Town hall chiefs are to offer more support to care leavers by footing the bill for their prescription charges.
Oldham’s commissioning partnership board agreed to support the initiative – which will cost £4,264 – at a meeting at the Civic Centre this week.
It was prompted by a motion brought to the full council chamber by the Children in Care Council in November.
Councillors had heard young adults have gone without antidepressants or chest infection medication because of financial struggles.
Council leader Sean Fielding said it was a ‘relatively small cost to make a big difference to our young people’.
Leaders agreed that care leavers aged 18-25 who are in apprenticeships or employment should not have to pay for prescription charges themselves.
The local authority is now to purchase prepayment certificates for the 41 care leavers in the borough who qualify, at an annual charge of £104 per person.
The report by executive nurse, Claire Smith, stated that care leavers are more likely than young people their age to have issues that might require prescriptions, including mental health issues.
“Care leavers have additional inequality issues over and above their peers of the same age including financial constraints as they move into independent living,” she stated.
“Furthermore, it is reported that children looked after and care leavers were between four to five times more likely to self-harm in adulthood.
“Care leavers are four times more likely to have a mental health issue and significantly more likely to have physical health problems.”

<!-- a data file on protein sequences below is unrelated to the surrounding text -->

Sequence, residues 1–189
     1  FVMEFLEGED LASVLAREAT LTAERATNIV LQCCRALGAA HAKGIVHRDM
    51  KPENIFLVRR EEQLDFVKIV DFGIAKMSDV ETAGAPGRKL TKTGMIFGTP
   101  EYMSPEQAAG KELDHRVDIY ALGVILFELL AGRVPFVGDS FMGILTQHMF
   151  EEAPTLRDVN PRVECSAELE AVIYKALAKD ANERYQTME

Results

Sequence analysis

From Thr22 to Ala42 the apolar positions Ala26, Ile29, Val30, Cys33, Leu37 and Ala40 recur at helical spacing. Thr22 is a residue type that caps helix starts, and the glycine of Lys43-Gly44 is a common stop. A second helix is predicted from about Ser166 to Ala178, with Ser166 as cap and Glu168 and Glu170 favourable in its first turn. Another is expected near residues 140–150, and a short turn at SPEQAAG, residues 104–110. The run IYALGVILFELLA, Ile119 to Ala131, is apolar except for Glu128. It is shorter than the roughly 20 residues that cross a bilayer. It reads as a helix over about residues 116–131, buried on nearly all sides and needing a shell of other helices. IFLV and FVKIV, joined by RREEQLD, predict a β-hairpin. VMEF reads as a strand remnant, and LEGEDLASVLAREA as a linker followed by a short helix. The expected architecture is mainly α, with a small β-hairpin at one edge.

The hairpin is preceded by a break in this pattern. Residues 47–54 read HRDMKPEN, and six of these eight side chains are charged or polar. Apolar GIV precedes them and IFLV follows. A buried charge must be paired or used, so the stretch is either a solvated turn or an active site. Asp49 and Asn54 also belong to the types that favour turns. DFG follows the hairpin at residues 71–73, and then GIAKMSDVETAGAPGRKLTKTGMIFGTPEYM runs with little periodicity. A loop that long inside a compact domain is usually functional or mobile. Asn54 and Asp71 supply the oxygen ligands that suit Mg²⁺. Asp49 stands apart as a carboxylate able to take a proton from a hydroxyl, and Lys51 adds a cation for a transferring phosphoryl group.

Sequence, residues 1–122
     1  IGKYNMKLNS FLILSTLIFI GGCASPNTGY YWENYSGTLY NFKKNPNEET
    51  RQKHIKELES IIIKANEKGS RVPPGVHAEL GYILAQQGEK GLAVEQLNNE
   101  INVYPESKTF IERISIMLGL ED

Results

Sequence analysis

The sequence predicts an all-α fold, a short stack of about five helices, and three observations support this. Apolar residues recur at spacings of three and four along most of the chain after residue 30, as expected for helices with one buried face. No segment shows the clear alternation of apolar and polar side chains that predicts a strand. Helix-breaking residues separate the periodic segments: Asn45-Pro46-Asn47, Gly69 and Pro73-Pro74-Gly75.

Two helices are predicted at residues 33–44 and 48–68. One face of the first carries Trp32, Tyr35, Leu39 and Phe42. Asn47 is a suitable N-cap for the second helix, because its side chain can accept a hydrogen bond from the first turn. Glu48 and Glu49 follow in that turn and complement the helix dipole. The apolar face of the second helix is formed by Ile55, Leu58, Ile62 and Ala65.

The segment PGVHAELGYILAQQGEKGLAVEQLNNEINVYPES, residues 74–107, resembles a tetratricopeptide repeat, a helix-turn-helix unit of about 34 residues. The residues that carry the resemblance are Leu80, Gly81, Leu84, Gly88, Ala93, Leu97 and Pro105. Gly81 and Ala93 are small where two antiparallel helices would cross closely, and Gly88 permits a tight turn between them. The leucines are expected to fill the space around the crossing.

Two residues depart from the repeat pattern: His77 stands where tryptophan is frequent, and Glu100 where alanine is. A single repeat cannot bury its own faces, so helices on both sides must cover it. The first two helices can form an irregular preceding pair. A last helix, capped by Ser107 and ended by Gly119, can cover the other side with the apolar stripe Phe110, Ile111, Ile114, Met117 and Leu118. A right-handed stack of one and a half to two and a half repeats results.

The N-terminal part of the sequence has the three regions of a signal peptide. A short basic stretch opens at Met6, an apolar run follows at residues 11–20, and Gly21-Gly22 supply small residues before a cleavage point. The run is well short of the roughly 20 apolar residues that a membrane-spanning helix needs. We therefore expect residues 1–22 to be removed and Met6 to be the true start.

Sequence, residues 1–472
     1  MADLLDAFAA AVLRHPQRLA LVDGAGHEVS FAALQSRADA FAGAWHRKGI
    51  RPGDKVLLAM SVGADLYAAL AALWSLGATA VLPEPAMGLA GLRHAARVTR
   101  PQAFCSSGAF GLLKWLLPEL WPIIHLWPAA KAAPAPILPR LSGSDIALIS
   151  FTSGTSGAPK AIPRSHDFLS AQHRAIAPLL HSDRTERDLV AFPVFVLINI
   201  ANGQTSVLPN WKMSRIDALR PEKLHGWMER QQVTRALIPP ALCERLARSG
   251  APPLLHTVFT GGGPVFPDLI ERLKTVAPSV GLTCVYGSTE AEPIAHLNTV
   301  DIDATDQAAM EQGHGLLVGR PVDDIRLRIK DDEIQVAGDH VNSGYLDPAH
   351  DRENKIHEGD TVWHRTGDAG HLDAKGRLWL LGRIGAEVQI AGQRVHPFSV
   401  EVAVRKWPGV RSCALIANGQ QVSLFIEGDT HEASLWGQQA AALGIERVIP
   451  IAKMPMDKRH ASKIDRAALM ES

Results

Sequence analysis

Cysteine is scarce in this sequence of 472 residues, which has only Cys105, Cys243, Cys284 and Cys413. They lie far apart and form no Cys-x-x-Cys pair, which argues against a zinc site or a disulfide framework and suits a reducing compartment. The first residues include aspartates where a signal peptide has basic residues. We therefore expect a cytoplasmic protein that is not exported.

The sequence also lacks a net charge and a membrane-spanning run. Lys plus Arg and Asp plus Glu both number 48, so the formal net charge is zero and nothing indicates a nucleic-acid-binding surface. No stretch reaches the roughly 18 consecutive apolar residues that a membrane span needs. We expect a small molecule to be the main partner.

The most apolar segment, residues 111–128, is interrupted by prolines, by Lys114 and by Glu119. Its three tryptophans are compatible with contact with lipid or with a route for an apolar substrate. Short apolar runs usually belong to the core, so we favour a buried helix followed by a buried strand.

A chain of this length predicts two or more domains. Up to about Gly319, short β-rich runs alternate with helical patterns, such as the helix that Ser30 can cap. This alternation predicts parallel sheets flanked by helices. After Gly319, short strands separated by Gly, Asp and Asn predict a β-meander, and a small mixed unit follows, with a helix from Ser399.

As of April this year, prescription charges have been set at £9 per prescription.
For young people aged 16-18 who are in full time education or receiving benefits under the age of 20, they are entitled to free prescriptions.
However currently national policy stipulates that young people who are in full time employment or apprenticeship earning £15,276 or more are not exempt from charges.
In total in Oldham there are 240 care leavers aged between 18 and 25, but most are already exempt from paying for prescriptions.
Dr John Patterson, chief clinical officer at Oldham clinical commissioning group said they believed in ‘tenacious compassion’ and investing in young people.
“This was their idea and our privilege to find a way to do it,” he said.
The local authority has also previously agreed to lobby government for further support for care leavers by ensuring they get free prescriptions until the age of 25.
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